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Three dimensional imaging of tissue engineering scaffold
thesisposted on 22.02.2017, 03:37 by Abuelfilat, Ala' Yasin Raji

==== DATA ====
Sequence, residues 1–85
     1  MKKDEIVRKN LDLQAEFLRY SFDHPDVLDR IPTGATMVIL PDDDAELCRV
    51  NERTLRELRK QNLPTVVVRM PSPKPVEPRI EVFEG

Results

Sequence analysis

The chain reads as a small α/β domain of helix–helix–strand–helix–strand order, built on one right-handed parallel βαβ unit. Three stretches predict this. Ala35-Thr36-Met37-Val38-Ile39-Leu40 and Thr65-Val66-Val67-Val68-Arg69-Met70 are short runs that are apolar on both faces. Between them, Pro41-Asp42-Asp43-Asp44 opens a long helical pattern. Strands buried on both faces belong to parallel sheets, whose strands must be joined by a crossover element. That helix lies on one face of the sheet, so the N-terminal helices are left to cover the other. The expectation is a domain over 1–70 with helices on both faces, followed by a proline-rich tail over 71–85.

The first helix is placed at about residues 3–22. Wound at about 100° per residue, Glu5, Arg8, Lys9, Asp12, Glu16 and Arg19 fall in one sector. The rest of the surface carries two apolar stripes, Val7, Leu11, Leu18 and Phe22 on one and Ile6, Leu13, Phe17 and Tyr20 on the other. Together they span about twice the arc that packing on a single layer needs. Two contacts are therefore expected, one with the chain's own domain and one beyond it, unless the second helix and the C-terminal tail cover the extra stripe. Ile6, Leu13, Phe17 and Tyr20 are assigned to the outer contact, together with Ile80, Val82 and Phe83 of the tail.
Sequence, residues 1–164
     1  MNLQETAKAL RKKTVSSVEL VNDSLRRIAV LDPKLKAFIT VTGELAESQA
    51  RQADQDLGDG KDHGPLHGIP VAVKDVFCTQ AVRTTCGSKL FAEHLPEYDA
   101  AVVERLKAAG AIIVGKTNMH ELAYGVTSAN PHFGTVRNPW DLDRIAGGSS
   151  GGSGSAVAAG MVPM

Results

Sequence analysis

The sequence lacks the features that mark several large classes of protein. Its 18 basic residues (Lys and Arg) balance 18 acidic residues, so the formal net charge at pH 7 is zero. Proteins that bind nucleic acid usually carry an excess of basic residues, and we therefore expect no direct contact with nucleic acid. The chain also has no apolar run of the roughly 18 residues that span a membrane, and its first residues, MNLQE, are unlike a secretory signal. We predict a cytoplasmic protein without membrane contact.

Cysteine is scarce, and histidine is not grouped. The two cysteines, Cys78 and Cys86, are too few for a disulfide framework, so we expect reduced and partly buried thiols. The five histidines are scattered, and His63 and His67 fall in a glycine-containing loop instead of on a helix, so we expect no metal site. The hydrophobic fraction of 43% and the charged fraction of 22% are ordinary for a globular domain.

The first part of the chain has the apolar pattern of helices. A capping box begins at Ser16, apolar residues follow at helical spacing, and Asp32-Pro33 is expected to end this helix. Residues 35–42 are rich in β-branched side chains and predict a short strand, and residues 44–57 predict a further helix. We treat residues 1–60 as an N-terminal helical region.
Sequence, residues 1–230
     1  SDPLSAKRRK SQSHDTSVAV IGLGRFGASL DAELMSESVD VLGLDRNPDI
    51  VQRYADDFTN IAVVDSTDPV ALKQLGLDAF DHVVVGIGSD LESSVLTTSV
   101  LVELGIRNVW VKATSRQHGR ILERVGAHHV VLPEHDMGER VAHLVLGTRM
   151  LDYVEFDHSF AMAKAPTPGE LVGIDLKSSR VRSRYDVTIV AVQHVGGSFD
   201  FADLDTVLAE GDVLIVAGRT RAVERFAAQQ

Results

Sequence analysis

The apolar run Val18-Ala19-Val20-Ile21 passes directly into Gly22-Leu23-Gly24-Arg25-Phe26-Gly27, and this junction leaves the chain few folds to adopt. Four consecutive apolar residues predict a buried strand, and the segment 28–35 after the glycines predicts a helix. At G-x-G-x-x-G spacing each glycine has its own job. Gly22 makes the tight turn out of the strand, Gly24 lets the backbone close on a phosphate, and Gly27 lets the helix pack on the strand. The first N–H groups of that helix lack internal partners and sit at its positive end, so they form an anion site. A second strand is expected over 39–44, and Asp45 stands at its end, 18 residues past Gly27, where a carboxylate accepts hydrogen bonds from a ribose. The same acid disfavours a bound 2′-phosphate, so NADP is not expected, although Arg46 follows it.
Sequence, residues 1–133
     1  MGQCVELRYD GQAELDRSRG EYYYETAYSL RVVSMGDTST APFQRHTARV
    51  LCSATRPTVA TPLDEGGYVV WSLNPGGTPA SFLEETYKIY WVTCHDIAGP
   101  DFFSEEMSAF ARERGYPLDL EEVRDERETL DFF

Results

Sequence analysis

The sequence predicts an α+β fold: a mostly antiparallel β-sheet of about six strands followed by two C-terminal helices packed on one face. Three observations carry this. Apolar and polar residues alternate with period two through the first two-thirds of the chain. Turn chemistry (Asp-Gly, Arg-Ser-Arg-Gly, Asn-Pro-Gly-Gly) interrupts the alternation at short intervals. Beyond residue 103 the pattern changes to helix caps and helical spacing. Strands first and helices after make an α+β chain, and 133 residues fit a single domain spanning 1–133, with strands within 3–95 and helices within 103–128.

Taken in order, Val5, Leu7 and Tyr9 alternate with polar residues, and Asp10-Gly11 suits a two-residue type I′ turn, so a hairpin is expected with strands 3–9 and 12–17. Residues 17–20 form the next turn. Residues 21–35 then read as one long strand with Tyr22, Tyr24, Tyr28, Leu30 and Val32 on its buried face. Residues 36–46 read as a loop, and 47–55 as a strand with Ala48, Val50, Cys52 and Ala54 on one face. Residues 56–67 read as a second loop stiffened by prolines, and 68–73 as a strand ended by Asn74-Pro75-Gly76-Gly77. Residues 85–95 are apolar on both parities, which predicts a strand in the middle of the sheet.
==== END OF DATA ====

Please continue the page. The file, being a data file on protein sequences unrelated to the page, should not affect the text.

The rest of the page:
The state of the art newly emerged field of tissue engineering is presenting a real life-saving solution to patients suffering from organ failure or tissue loss and is overcoming the series burden associated with the shortage of tissues and organ donors for transplantation. It is solving a major health care problem which is one of the most frequently tragic and costly problems in health care as it causes tremendous distress to patients and their communities. In fact, researchers worldwide have gathered their diverse expertise in so many research areas to try and overcome this problem through focusing their research effort on regenerating these diseased tissues or organs by utilising the principles of tissue engineering to restore, maintain or even improve tissue functionality. The basic principle involves transplantation of cells onto a scaffolding material to form a tissue engineered construct which can mimic the in vivo microenvironment of cells and hence promote cell growth. However, the need for an in vitro 3D scaffold that can substitute specific tissue-types is becoming increasingly prevalent in tissue engineering and stem cell research. Also, in order for this regeneration to occur successfully and for cell-material to be further enhanced, the choice of the material and its design properties such as porosity and interconnectivity is crucial to resemble the native ECM environment. In fact, hydrogels are promising candidates for engineered complex 3D tissue scaffolds since they have tissue-like stiffness, biocompatibility and high permeability for oxygen, nutrients and other water-soluble metabolites, similar to the native extracellular matrix. However, high-resolution characterization of hydrogels and their three-dimensional porous structures still remains a challenge. In this research we aimed at exploring a new highly spatial resolution X-ray Ultramicroscopy (XuM) imaging technique to provide a fast three dimensional visualisation of biocompatible porous hydrogel structures. We also aim to demonstrate the capabilities of XuM imaging technique to reconstruct the three dimensional porous hydrogel models and quantitatively analyse the geometry of individual pore sizes, their spatial distribution and interconnectivity. The nanomechanics of the hydrogel samples will be further investigated by Atomic Force Microscopy (AFM) force spectroscopy through obtaining their elastic modulus and the reconstruction of their three dimensional porous structures, which will allow for the mechanical modelling and simulation of individual pores. The bulk scaffold will also be proven to be feasible, thereby establishing a rational approach for exploring structuremechanics relationships. In this study we have examined the hydroxypropyl cellulose methacrylate (HPC-MA) hydrogels for the first time through X-ray ultramicroscopy (XuM), an imaging technique based on phase contrast and with high spatial resolution, to visualise, reconstruct and analyse 3D porous structures. This Scanning Electron Microscopy (SEM) based X-ray system produced projection images of 1.67 J.lm pixel size, with distinguishable hydrogel membrane structures. In addition, reconstruction of the tomographic series provides the complete geometry of individual pores and their spatial distribution and interconnectivity, which play vital roles in accurate prediction of the hydrogel's porous structure prior to and during its implantation in vivo. Furthermore the elastic modulus of the hydrogels was determined and mechanical modelling of individual pores and the bulk scaffold also proved to be feasible by incorporating the Atomic Force Microscopy (AFM) technique. The commercialised platform we utilised offers prompt visualization and specialized simulation of customized 3D scaffolds for cell growth, which will be a unique application of tissue engineering in future personalized medicine.